Aline Greig, 86, childrens educator
By Albert Amateau
Aline Greig, a much-loved and innovative leader of Hudson Guild childrens programs from the late 1950s until she retired in 1986, died March 19 at the age of 86 in her Village home where she lived for more than 50 years.
She was a very private person and didnt want any funeral services. Im sure she wouldnt want us talking about her like this, said one of her daughters, who declined to speak further last week with The Villager.
Nevertheless, several Chelsea residents were eager to pay tribute to her lasting impact on people in the neighborhood.
She was a fabulous person and had a tremendous effect on all classes of people on both sides of Ninth Ave., said one admirer, who recalled Aline Greigs leadership of a Hudson Guild preschool program in the mid-1960s that included children from the middle-income Penn South co-op on the east side of Ninth Ave. and Head Start pupils from the Elliott Chelsea city housing project on the west side of the avenue.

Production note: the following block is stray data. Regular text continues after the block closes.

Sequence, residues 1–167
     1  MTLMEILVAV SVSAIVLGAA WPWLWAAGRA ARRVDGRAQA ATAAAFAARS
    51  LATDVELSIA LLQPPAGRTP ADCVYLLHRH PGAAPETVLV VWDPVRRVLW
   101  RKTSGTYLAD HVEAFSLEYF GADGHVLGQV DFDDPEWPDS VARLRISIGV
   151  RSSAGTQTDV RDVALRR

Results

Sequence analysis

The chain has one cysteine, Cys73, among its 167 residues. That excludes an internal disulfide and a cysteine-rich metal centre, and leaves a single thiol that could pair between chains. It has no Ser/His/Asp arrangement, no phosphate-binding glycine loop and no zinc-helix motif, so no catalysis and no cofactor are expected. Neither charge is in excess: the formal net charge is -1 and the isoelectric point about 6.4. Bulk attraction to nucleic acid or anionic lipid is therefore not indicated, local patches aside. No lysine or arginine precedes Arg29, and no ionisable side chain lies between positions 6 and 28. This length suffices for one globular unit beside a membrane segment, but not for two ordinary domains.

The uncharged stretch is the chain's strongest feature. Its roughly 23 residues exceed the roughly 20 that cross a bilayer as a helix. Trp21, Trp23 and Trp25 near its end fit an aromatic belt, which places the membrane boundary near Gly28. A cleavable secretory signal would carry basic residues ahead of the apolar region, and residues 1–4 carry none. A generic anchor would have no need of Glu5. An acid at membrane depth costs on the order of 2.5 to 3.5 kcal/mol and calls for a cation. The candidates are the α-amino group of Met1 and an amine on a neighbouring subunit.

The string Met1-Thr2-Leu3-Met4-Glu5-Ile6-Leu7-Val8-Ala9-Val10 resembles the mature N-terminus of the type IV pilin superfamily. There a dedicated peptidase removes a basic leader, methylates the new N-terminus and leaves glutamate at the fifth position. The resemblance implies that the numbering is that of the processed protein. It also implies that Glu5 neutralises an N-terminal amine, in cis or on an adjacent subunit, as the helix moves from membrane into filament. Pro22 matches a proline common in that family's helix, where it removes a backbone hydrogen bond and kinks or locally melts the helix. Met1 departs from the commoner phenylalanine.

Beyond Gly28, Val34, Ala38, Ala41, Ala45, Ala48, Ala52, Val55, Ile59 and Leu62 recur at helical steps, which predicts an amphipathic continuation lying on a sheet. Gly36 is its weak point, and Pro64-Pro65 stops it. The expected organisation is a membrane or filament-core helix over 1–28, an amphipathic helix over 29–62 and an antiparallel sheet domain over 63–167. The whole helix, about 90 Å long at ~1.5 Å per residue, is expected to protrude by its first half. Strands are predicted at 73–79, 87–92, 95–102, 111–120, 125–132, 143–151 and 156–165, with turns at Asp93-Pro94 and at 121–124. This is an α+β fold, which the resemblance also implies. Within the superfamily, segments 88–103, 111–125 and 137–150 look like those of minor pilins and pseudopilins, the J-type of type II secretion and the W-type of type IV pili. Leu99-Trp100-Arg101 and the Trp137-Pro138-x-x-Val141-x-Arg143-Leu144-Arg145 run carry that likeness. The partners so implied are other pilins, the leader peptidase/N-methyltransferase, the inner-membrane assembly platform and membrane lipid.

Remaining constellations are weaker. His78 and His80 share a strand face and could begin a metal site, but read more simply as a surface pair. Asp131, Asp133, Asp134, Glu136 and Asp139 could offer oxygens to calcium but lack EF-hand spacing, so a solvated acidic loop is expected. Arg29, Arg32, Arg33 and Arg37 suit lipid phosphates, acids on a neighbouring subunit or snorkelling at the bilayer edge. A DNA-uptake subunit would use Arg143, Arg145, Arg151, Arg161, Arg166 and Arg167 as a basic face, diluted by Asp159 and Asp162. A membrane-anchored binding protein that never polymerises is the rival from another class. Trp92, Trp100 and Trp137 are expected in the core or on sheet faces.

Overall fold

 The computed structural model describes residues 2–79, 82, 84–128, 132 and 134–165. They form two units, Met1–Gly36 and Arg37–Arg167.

She had already retired by the time I started in 1987, but she made a major difference in the way people thought about preschool and she had an impact on a generation of Chelsea residents, said Janice McGuire, who retired as Hudson Guild director in 2006. The [Head Start] program fell by the wayside because of government funding regulations, but Aline got it right that settlement houses werent just about social services but also about education and community-building, McGuire said.
Aline Greig also organized a Hudson Guild food co-op around 1970. When her children were attending P.S. 41 in the Village, she became a leader in both the Girl Scouts and Boy Scouts.
She was the kind of woman who would tell a child, Oh, your bike wheel needs tightening heres a wrench, and shed pull a wrench out of her bag, said one admirer.
Born Aline Corton in Manhattan, she went to Cornell University, where she met her husband, John Greig, a physicist, whom she married in 1945. John Greig died in 1983. As a young married woman she was known by the nickname of Pete, taken from the name of a little dog that she frequently carried with her.
She is survived by three daughters, Joan Greig Gillman and Peggy Greig, both of Manhattan, and Betsy Thornton of Maryland; and a son, Sandy, a State Department officer in Washington, D.C.